Taking the trash out of ChristmasPublished 9:57am Friday, December 24, 2010
At some point tonight – or tomorrow morning, depending on tradition – many of us will sit back and survey a pile of presents and the related debris: battered boxes, torn paper, bent bows and twisted ribbons.
Then our gaze will linger on the new presents, shorn of their wrapping but mostly still encased in their clever, eye-catching packages.
That would be a good time, during that post gift-exchange lull, to think about what those piles say about how we’re living our lives.
While that might read like the run-up to complaints about excessive gift-giving that are almost as traditional as excessive gift-giving, the point is actually a bit different. Don’t worry about the gifts, think about the packages.
Think about the waste. Not to feel guilty, but simply to consider whether there isn’t a better way.
The packages that encase most of the things we buy have a couple of obvious purposes. First, they’re the last chance for the manufacturer and retailer to sell you whatever it is with an exciting, bright box and wrapper. Second, it’s to prevent theft, since big packages are usually harder to steal than the small objects they contain.
But there’s a third reason, both more and less obvious: Americans expect things to be packaged, and packaged well.
Because of family schedules, travel obligations and whatnot, Tammy and I exchanged gifts early this year. She gave me, among other things, one of those chin-up bars that sets up in a doorway. It came in a heavy cardboard box, each piece wrapped in a custom-sized plastic sheath and separated from every other piece with plastic foam. In other words, pretty typical.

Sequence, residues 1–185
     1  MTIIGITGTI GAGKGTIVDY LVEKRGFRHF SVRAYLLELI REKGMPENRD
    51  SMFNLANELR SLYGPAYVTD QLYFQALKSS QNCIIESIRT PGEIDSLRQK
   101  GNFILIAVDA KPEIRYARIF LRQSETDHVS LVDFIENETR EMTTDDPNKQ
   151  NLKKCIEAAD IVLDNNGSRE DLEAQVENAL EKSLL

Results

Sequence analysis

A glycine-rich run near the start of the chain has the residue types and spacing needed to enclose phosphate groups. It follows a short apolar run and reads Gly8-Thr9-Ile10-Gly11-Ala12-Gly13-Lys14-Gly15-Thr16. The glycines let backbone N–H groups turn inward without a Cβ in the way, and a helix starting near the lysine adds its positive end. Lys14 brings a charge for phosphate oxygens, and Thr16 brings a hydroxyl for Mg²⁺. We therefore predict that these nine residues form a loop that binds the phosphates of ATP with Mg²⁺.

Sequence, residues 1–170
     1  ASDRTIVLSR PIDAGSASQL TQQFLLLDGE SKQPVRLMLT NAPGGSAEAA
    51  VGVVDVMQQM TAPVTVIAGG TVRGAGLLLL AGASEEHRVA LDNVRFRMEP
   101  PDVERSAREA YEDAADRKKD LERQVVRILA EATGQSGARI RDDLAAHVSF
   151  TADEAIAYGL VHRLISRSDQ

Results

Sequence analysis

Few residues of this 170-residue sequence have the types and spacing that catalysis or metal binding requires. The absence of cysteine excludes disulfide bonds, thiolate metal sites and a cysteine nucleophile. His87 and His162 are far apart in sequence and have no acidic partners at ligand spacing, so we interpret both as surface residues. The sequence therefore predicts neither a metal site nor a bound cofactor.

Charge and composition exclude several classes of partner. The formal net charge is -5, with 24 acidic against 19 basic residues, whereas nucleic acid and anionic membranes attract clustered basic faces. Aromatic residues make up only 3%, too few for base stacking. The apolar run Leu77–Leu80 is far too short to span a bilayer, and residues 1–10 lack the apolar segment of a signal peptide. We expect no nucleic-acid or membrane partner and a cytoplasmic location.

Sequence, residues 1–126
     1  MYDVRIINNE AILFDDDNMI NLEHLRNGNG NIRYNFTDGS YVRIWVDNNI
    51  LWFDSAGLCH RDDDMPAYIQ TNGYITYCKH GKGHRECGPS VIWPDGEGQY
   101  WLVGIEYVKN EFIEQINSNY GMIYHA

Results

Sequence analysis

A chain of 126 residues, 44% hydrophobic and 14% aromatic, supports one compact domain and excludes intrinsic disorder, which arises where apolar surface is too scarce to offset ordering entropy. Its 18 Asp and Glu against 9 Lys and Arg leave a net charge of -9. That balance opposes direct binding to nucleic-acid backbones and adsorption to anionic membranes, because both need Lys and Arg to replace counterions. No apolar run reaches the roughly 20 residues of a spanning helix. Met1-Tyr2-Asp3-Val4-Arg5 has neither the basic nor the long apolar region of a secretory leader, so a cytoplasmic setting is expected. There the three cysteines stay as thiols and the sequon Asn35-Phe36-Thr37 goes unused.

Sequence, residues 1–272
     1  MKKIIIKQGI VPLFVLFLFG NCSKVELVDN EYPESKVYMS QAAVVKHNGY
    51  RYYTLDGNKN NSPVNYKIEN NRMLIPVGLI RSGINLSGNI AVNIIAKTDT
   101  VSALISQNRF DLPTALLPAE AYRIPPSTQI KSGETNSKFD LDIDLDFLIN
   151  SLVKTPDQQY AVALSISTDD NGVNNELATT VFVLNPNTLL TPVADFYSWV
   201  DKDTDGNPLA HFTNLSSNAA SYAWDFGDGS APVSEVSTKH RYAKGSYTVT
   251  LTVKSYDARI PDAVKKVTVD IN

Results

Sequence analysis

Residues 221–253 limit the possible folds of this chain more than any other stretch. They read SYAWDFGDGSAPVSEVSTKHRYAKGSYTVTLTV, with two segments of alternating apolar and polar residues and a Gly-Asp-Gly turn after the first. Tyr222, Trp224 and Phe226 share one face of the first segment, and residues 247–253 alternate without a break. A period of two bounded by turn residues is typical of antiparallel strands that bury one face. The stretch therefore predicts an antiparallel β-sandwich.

The bar itself is about as indestructible as a consumer product can be, basically some heavy metal tubing. If ever anything did not need packaging, this was it. But how odd would it have been to receive a gift that was simply a loose metal bar taped together with its supporting parts? It’s just not how things are done.
Now we have to dispose of the box, the plastic and the foam, some of which may be recycled but most of which will probably end up as waste.
The same story was true for my gifts to Tammy and for most gifts that will be given this Christmas season: Piles of packaging, piles far bigger than the actual gifts, none of which we want or need.
If you doubt that, just wait until you try to stuff all the trash into your regulation-sized garbage can next week.
Some countries have developed regulations that attempt to limit the amount of packaging that goes into the waste stream. Here in the United States some businesses, including Wal-Mart, are making efforts to reduce their own packaging waste.
Progress, however, does not appear to be very fast and it’s not likely to be as long as we continue to demand that everything we buy be packaged up nicely, even when it makes no sense and costs a lot more to do it that way. I’ve considered – but never had the nerve to really try – asking check-out clerks to remove and keep packaging in cases where items are ridiculously over-packaged (most headsets for MP3 players, for example). Could that be the start of a grass-roots campaign?
Or what if those of us who tell relatives and friends, “Please, don’t get me anything for Christmas,” changed that to, “Please don’t get me anything in a box.”
Too weird to catch on? Maybe.
But as long as we keep accepting huge chunks of waste material with everything we buy, that’s what we’re going to get.
If your thoughts drift, in the next couple of days, to ways that the Christmas season might be simplified, just consider how much easier and better it would be without that pile of trash next to the unwrapped presents.